First impression on unpacking the Q702 test unit was the solid feel and clean, minimalist styling.
Football Manager Handheld 2010 for iPhone
FM 2010 Handheld for iPhone allows users to carry the hopes, dreams and fortunes of their favourite football team in their pocket.
- Easy to pick up and play, astounding level of detail for an iPhone game, similar match day experience to PC versions, fast to load
- Lacks a lot of features found in PC versions, small screen makes finger taps and drags hit and miss, 2D match view is slow and limited
It can't match the depth of the PC version and there are a few annoying omissions, but Football Manager Handheld 2010 for iPhone remains a credible and entertaining game that will keep you occupied for hours on end.
Price$ 14.99 (AUD)
Buy now (Selling at 16 stores)
Football lovers have hit the jackpot in 2010, with the FIFA World Cup rolling around yet again. Fanatics of the world game will undoubtedly be familiar with Sports Interactive's Football Manager game, which lets you lead your team to glory as the manager, buying and selling players, attending media conferences, scouting new signings and coming up with your own tactics, formations and training. This famous game has now been ported to the iPhone, allowing users to carry the hopes, dreams and fortunes of their favourite football team in their pocket.
The Football Manager games have always prided themselves on the ridiculous level of detail, but the iPhone version involves a slimmed down version of the full game. Despite lacking the depth found in the PC version, Football Manager Handheld 2010 for iPhone remains a credible and entertaining game that will keep you occupied for hours on end.
Many of the features found in the PC version are missing — training is simplified, there are no media conferences before or after games, the database of players is much smaller, you can't hire backroom staff (such as scouts and coaches), there are no youth or reserve teams and you can't give pre-match, half-time or post match team talks.
Though it may sound like the game lacks a lot compared to its bigger brother, the nature of the iPhone demands a title that is less fiddly and more pick up and play — and Football Manager Handheld 2010 duly delivers. You can still edit your formation, request detailed reports on players in your own team and those you're interested in signing, negotiate playing contracts, and even criticise or praise players for poor or excellent form, so this remains one of the most detailed iPhone games on offer in the App Store. Just to give you a quick idea of the level of detail, Football Manager Handheld 2010 for iPhone allows you to manage in 34 leagues around the world and has a database of more than 20,000 real life players.
Once you've chosen your club to manage, it all comes down to game day. Here, Football Manager Handheld 2010 for iPhone is a similar experience to the full PC version. Matches can be viewed in a top down 2D view, or plain text, and you can speed up or slow down the commentary, watch replays of key highlights and make substitutions during the match. There is also a detailed statistics report with critical stats like possession, completed passes, errors and time in opposition half. Though Sports Interactive deserves plaudits for bringing a 2D view to the iPhone, we prefer to just read text-only commentary — the 2D engine is slow, limited and often struggles to keep up with the text.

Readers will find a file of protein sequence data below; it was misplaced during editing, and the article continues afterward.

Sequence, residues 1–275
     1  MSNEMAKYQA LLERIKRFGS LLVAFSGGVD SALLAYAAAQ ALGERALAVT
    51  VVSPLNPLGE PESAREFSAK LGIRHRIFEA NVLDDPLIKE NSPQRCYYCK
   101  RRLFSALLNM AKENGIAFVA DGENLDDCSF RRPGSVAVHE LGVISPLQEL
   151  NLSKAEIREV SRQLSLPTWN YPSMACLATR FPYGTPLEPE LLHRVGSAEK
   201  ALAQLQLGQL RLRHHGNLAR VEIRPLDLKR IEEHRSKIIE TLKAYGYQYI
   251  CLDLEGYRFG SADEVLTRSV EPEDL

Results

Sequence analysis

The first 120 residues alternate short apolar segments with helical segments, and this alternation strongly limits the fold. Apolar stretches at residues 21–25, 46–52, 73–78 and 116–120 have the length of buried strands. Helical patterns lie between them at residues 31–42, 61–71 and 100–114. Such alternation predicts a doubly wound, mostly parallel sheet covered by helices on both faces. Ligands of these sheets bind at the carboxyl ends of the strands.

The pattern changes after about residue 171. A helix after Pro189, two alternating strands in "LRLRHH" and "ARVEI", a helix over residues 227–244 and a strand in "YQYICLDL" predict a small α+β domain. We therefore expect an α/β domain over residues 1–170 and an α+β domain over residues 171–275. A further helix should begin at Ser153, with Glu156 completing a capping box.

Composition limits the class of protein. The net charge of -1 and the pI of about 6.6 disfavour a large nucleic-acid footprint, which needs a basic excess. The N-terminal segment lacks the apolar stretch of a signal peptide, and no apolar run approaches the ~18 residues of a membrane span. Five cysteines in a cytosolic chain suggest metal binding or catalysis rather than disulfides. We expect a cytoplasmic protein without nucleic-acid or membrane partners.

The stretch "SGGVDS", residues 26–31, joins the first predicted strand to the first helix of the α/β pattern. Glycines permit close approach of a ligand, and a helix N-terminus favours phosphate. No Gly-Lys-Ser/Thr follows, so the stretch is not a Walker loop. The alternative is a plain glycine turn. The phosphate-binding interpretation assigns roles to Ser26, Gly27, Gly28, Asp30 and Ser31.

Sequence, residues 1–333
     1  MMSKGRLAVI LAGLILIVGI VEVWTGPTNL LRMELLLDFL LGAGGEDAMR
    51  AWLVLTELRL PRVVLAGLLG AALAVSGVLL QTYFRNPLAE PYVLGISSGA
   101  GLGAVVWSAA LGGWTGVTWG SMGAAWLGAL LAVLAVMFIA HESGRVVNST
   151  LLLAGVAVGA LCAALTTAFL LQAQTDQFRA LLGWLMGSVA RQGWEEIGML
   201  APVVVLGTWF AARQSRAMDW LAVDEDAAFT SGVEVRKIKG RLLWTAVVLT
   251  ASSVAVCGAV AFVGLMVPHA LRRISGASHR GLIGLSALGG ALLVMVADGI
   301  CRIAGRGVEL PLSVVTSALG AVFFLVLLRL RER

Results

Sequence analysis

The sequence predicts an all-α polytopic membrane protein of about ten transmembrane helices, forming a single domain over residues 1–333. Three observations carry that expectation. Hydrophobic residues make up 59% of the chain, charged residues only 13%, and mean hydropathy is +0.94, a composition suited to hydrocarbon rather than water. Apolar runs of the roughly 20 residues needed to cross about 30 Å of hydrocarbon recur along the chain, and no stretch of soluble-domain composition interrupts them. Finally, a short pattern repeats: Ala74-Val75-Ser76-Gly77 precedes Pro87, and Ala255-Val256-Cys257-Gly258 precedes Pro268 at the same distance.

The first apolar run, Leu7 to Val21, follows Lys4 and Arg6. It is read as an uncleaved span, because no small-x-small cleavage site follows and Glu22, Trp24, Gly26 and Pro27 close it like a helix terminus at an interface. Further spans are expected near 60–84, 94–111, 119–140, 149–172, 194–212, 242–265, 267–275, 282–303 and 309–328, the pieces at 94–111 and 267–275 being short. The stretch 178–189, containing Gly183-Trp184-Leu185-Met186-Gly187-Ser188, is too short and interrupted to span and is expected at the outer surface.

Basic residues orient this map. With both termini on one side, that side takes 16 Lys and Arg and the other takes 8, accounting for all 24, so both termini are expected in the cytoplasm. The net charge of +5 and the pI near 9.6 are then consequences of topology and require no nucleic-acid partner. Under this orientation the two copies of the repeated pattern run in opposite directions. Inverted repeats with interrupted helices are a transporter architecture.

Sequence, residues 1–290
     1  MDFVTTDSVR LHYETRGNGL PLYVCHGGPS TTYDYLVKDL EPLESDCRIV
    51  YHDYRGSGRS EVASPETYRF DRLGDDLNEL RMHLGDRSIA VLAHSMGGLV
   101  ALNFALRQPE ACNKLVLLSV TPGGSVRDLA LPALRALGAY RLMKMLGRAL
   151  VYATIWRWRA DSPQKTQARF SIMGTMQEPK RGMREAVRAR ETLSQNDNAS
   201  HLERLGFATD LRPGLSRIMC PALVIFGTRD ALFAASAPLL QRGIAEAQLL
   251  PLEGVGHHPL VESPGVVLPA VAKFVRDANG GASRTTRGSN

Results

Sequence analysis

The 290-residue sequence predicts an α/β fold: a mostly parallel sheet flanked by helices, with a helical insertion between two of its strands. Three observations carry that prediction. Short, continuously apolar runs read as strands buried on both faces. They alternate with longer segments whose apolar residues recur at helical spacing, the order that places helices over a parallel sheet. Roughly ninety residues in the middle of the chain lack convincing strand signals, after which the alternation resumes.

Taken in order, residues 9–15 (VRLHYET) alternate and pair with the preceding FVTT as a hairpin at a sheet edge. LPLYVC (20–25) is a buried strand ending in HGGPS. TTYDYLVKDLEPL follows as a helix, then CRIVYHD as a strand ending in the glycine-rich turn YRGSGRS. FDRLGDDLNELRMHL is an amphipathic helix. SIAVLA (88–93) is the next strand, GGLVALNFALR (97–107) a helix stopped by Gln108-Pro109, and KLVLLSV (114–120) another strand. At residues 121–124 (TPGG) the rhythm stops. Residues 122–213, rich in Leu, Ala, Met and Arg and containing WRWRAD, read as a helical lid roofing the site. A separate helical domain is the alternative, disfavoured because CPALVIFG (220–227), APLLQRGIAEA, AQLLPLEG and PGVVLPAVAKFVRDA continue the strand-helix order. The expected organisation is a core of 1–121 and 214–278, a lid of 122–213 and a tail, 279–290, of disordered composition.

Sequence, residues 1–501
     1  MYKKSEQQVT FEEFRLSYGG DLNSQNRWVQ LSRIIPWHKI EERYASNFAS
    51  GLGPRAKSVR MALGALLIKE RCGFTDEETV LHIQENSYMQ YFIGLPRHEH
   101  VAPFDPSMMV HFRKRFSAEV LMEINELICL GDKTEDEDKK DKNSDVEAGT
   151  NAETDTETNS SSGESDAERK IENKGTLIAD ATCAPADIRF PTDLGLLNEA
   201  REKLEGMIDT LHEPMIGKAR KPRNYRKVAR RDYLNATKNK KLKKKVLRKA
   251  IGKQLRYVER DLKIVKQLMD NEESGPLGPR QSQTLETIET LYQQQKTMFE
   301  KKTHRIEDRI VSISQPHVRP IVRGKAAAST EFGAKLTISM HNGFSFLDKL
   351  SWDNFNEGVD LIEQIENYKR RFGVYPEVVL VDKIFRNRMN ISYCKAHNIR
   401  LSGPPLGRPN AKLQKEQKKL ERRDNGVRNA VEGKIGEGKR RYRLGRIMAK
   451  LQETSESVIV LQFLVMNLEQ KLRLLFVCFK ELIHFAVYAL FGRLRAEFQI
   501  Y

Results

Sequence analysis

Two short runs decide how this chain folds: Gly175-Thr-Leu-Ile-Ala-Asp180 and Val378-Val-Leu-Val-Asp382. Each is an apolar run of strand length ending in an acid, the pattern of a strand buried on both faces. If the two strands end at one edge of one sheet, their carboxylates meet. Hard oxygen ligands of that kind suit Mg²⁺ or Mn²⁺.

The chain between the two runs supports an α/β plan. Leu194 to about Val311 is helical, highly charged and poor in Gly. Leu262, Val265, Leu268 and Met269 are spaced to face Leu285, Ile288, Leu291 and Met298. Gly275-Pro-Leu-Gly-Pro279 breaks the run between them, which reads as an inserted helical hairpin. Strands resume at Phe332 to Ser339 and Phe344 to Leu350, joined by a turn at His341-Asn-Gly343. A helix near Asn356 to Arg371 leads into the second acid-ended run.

Perhaps the best aspect of Football Manager Handheld 2010 for iPhone is its speed. Whereas some of the newer versions of FM chug along on anything but the latest PC's, Football Manager Handheld 2010 for iPhone is quick to load, making it easy to pick up and play. You're never left feeling as if you're always waiting for a round of Champions League or International games to complete, and you can get through a full season fairly quickly.
Unfortunately, the iPhone's small screen makes it hard to pick a starting 11, particularly when moving players around. The text feels too small and selecting the wrong player with an innocuous finger tap is a common experience. Strangely, you also can't listen to music while playing the game, even though there is no in-game sounds. We can only hope this is corrected in a future software update.
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GGG Evaluation Team
For work use, Microsoft Word and Excel programs pre-installed on the device are adequate for preparing short documents.
The Fujitsu LifeBook UH574 allowed for great mobility without being obnoxiously heavy or clunky. Its twelve hours of battery life did not disappoint.
The screen was particularly good. It is bright and visible from most angles, however heat is an issue, particularly around the Windows button on the front, and on the back where the battery housing is located.
My first impression after unboxing the Q702 is that it is a nice looking unit. Styling is somewhat minimalist but very effective. The tablet part, once detached, has a nice weight, and no buttons or switches are located in awkward or intrusive positions.